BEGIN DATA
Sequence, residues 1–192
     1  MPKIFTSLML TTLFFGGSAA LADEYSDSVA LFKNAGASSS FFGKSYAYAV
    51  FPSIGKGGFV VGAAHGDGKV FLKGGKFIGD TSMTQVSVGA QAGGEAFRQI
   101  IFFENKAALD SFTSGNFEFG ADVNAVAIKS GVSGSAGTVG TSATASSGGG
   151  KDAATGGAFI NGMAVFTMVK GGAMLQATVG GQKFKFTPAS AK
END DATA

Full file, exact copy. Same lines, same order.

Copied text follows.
Sequence, residues 1–192
     1  MPKIFTSLML TTLFFGGSAA LADEYSDSVA LFKNAGASSS FFGKSYAYAV
    51  FPSIGKGGFV VGAAHGDGKV FLKGGKFIGD TSMTQVSVGA QAGGEAFRQI
   101  IFFENKAALD SFTSGNFEFG ADVNAVAIKS GVSGSAGTVG TSATASSGGG
   151  KDAATGGAFI NGMAVFTMVK GGAMLQATVG GQKFKFTPAS AK